The market is related to quid pro quo exchanges, such as sales, which don’t necessarily trigger ongoing relationships. However, the arts certainly bring additional value - inspiration, empathy, civic engagement, aesthetic growth, sense of belonging and the list goes on and on. During Barry’s blogathon on Arts Enterprise Andrew Taylor noted that “with the rise of social enterprise, all sorts of values and outcomes are now deemed worthy of entrepreneurship”. Consider the growing movement toward business for social good.

In this model, business aims support, and are subservient to social aims and a triple bottom line (people, environment and profit) helps guide business decisions. What would a triple bottom line look like for arts enterprise?

Parallel or hybrid entities like 826 Valencia, combine a pirate store and writing center for students. The Center for New Music and Gray Area Foundation for the Arts, serve as co-working spaces during the day for musicians and technologists, respectively, and performance and rental spaces in the evenings. Emerging arts managers that I’ve come in contact with in the Bay Area desire flexibility in organizing structures. Some have expressed interest in learning more about Benefit corporations (B-corps), such as Ben & Jerry’s or Dansko.

A social orientation involves a greater reliance on the cultivation of networks, building trust and creating pathways for information to flow. It privileges sharing, reciprocity, gift giving and relationship building. Here we all become “participants in this conversation called art” professor Arjo Klamer wrote in Mode of Financing Matters. What is the right thing to do? (This paper provides the building blocks for this post.)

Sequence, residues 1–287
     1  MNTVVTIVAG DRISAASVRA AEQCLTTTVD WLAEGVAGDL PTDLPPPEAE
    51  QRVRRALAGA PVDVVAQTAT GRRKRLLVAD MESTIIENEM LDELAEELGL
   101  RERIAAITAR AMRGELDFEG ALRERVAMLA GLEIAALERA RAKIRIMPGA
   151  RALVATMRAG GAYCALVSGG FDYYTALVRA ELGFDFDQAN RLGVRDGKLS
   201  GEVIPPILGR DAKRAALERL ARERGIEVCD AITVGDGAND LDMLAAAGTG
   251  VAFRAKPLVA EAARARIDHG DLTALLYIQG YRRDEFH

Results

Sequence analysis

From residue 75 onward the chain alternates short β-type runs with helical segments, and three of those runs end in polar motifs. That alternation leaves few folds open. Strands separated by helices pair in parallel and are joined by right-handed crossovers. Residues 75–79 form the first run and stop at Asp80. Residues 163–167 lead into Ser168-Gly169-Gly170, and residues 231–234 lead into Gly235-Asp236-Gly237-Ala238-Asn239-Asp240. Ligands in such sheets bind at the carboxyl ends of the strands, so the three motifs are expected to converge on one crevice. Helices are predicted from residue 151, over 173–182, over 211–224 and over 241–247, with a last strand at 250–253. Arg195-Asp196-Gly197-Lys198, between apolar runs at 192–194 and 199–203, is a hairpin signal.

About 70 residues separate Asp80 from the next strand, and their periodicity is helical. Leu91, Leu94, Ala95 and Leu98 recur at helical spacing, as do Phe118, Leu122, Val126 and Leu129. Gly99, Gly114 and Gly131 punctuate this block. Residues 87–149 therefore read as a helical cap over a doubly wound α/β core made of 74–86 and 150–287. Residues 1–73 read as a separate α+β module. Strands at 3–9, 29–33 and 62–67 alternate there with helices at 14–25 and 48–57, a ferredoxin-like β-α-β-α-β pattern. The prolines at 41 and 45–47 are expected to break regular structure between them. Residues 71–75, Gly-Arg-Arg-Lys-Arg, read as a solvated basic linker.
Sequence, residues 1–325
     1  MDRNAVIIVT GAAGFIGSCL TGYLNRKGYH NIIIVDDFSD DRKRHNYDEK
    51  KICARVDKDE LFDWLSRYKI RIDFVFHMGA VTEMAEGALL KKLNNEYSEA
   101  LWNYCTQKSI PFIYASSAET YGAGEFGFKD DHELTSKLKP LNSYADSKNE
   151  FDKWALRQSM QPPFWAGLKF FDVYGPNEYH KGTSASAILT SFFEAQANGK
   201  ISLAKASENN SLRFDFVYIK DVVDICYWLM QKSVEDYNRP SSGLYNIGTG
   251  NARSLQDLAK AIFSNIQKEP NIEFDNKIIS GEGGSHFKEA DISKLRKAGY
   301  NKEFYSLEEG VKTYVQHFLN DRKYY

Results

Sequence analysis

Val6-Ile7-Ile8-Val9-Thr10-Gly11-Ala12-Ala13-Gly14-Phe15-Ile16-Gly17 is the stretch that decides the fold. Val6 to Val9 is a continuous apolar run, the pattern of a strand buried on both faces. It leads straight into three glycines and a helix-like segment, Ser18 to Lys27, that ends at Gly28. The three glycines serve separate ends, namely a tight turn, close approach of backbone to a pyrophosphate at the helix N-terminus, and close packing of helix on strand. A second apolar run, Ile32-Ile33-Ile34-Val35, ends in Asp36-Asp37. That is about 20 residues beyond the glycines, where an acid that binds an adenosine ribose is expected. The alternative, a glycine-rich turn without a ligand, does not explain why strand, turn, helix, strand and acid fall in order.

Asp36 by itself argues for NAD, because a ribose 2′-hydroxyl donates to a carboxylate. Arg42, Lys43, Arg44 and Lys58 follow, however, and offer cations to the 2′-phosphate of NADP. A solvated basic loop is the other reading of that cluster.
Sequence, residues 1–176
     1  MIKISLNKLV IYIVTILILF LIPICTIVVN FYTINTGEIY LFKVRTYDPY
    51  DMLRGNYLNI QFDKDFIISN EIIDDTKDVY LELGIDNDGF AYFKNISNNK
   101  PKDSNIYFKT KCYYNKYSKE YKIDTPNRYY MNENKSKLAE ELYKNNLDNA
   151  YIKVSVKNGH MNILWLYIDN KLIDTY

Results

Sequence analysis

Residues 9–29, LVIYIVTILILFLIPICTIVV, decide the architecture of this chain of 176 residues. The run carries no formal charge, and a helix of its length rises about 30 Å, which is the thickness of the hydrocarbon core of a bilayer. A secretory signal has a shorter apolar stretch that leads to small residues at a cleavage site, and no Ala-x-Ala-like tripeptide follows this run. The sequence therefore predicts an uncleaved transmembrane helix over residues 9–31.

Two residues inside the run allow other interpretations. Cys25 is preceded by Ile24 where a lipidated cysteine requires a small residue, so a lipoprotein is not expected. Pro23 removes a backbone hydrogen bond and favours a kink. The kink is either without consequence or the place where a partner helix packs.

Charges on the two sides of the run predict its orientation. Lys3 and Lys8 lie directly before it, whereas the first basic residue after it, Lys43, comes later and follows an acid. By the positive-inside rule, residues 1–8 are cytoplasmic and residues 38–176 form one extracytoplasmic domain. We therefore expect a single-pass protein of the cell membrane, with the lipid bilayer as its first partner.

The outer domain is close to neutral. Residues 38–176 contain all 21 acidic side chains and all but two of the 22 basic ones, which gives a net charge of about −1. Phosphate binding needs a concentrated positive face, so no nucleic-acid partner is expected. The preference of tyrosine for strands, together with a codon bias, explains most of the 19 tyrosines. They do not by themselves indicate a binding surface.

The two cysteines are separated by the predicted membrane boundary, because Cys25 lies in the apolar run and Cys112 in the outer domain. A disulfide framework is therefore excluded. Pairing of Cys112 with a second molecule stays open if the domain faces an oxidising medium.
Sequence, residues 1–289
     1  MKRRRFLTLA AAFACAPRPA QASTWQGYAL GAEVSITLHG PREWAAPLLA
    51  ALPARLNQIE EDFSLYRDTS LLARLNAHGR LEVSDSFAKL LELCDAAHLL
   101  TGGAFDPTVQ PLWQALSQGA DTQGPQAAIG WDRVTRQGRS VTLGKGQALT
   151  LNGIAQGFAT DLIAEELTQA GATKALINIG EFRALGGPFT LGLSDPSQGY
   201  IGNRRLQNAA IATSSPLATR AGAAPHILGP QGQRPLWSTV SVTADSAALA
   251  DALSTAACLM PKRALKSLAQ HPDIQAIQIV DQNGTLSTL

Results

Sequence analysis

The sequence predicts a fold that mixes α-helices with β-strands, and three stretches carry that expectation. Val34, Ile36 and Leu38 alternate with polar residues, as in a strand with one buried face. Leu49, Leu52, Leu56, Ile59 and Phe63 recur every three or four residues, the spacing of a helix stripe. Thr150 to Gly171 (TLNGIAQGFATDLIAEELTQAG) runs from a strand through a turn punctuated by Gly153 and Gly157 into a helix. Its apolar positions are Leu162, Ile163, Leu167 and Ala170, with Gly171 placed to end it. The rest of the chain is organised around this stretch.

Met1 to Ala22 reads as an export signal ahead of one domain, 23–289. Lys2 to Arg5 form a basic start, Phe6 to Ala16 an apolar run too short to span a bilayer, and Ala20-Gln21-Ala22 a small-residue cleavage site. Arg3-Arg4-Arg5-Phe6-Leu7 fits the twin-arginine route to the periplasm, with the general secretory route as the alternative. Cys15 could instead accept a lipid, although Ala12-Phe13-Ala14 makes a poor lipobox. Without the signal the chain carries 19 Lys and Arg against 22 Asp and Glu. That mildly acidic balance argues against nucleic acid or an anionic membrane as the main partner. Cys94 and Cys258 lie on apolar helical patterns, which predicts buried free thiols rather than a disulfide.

In 2012, Beck released  “Song Reader’ a booklet of songs in sheet music and invited industrious musicians to record their own versions and submit them to the ‘Song Reader’ website. Beck’s songbook is an example of a successful effort to build stronger relationships among those who share similar social norms and values. It aggregates and amplifies. It also highlights the role of the prosumer, a concept from futurist Alvin Toffler, that blends the notion of the producer with the consumer. This is the high level of participation and customization that many consumers expect today.

Recognizing that knowledge important to the group may lie beyond it, a system of open innovation allows outside research or expertise to flow in. For organizations oriented in this way, Margaret Wheatley writes in Leadership and the New Science ‘meaning can be a powerful force of attraction”. Internal cohesion around purpose and values, investment in staff, a unified strategy and a deep appreciation for learning and adaptation are key to balancing this approach.

The hacker ethos is grounded in sharing, community and collaboration. Hacks are often about building bridges to heterogeneous groups and drawing in participants outside of the regular circle. We have many examples of crowdfunding like Indiegogo and Kickstarter, but crowdsourcing can problem solve and build social capital as well. One successful site is OPEN IDEO.  The non profit arm of the well known design firm sends out big questions to it’s network, which then sends in ideas. The best are shortlisted and refined. Finally, the sponsor and OPENIDEO select the top idea.